Florida, Arizona Sell and Lease Back Prisons and Other State Buildings
Arizona’s fiscal problems began in 2007 and took a severe downturn the following year with the collapse of the housing bubble. Throughout 2009 the state continued operating in the red. With no relief in sight, the legislature approved the sale of various state-owned properties in an attempt to balance the budget in 2010.
Here’s how the process works. The state sells its assets to investors via Certificates of Participation (COPS), a form of lease revenue bonds. The state maintains control of the buildings and leases them back at 4.37 to 4.75% interest over a maturity period ranging up to 30 years. If all of the payments are made, ownership of the buildings reverts back to the state.
Arizona raised $735 million for its general fund through the first issue of COPS in January 2010, which included the sale and lease-back of the Executive Tower, legislative buildings, a state hospital, the Veterans Memorial Coliseum and six state prison buildings in Florence. A second round of sell-offs in June 2010 raised an additional $300 million by pawning the state’s Supreme Court building and other properties.
This is not easy money, though; the state will have to pay hundreds of million of dollars in interest on the bonds. In fact, this short-sighted solution to the state’s fiscal crisis drew criticism from several financial institutions.
On December 23, 2009, Moody’s Investors Service downgraded the state’s bond issue rating from A1 to A3. That same day, Standard & Poor downgraded Arizona’s rating from AA to AA-minus.
Also critical of the legislature’s decision to sell state properties was Arizona Treasurer Dean Martin. “It was a mistake to sell ... our state buildings because it continues to put our state’s credit rating at risk, and looks foolish to the rest of the country,” Martin said, stating the obvious.
In addition to selling off state properties in an effort to balance its budget, Arizona is expanding its contracts with private prison companies, ostensibly to save money. After a 2009 effort to privatize most of the state’s prison system didn’t pan out, Arizona officials issued a request for proposals seeking 5,000 more private prison beds. Four companies responded, although no action is being taken until after the state finishes a report on a comparison of public and private prisons. Arizona already houses around 6,000 of its 40,000 prisoners in privately-operated facilities.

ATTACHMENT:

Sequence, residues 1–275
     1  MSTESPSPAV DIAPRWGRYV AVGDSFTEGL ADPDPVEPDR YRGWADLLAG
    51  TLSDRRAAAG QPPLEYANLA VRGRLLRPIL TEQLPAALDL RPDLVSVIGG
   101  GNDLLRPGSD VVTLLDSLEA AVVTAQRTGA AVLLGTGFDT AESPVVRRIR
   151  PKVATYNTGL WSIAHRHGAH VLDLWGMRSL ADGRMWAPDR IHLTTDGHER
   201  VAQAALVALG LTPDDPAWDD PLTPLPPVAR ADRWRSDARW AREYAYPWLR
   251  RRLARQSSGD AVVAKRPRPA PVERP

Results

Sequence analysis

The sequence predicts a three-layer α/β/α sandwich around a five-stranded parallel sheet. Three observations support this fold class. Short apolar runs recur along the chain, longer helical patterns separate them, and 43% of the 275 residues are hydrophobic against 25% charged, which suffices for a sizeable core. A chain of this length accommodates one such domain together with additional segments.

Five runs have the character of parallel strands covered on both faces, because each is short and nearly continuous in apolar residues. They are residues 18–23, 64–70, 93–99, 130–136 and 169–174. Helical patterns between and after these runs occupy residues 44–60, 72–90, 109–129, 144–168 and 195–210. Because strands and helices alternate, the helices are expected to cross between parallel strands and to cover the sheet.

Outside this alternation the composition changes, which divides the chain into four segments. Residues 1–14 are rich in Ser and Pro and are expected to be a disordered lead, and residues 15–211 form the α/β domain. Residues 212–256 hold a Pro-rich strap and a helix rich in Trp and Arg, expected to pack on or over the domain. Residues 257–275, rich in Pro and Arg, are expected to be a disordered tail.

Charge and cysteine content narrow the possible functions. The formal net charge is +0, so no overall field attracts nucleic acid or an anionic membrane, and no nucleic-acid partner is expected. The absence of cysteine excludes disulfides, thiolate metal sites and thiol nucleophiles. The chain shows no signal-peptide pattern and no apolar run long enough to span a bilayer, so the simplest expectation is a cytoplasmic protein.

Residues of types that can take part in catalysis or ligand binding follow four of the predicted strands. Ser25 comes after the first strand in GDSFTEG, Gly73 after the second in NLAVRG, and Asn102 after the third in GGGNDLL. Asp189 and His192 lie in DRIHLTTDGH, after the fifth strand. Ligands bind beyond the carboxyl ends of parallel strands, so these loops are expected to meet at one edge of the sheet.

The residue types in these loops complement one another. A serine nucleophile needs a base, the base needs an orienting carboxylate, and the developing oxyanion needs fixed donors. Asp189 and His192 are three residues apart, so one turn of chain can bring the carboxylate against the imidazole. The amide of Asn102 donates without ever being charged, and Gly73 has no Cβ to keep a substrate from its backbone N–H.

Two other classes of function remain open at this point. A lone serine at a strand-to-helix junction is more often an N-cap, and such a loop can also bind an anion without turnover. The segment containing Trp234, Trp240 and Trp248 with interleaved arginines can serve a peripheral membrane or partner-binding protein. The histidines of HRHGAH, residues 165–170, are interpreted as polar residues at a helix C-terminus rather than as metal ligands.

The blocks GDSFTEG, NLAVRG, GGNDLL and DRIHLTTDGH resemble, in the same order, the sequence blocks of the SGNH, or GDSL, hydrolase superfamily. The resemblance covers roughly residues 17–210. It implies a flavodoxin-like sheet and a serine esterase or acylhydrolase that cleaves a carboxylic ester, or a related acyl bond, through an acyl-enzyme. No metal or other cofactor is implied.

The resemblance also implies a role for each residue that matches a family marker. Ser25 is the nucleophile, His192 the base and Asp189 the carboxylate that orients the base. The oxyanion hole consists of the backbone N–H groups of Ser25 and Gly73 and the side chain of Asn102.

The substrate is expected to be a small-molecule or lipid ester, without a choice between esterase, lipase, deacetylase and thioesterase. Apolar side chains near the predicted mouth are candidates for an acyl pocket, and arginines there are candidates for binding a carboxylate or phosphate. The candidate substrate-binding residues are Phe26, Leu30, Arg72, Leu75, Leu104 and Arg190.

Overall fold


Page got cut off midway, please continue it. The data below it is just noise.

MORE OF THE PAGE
In Florida, the use of lease revenue bonds to finance prison construction “has obscured both the near- and long-term costs of failing to make needed policy changes.” That was the main conclusion drawn in an April 2011 report titled “A Billion Dollars and Growing: Why Prison Bonding is Tougher on Florida’s Taxpayers Than on Crime,” by the Collins Center on Public Policy and Florida Tax Watch.
Florida’s prison population has grown from 20,000 prisoners in the 1980s to 102,000 in 2010. Over that same time period the cost to Florida taxpayers to fund the state’s prison system has ballooned from $169 million to $2.4 billion annually.
Prior to 1993, Florida used fixed capital appropriations of general funds, or pay-as-you-go, to build and expand state prisons. The legislature created the Correctional Privatization Commission (CPC) in 1995 “for the purpose of entering into contracts for the design, construction and operation of prisons in Florida,” with a requirement that private prisons cost at least seven percent less than state facilities. Studies have been unable to substantiate such cost savings.
The CPC quickly became involved in financing the construction of private prisons. COPS were used to fund the construction, and the state would make the lease payments out of general funds.
Many states, including Florida, require voter approval to issue general obligation bonds. A California law firm came up with lease revenue bonds, which traditionally were used to build projects such as toll roads, bridges, hospitals, parking facilities, recreational projects, telephone systems and colleges “that generate revenue to pay off the [bond] obligation.”
According to a 2008 Forbes article, “crafty state treasurers” devised a plan to create a way for prisons to generate revenue. An entity or agency is created to build prisons, which it does by issuing lease revenue bonds. It then leases the prisons to the state, which pays the lease payments that service the bond debt.
“Essentially, the state takes money from one pocket (the general fund appropriations to the prison system) and puts it into another (the agency created for the facility), and then the agency distributes the money to bondholders,” Forbes wrote in describing the scheme.
Similar to taking out a mortgage on a house, the state must pay the principal on the loan as well as interest on the principal.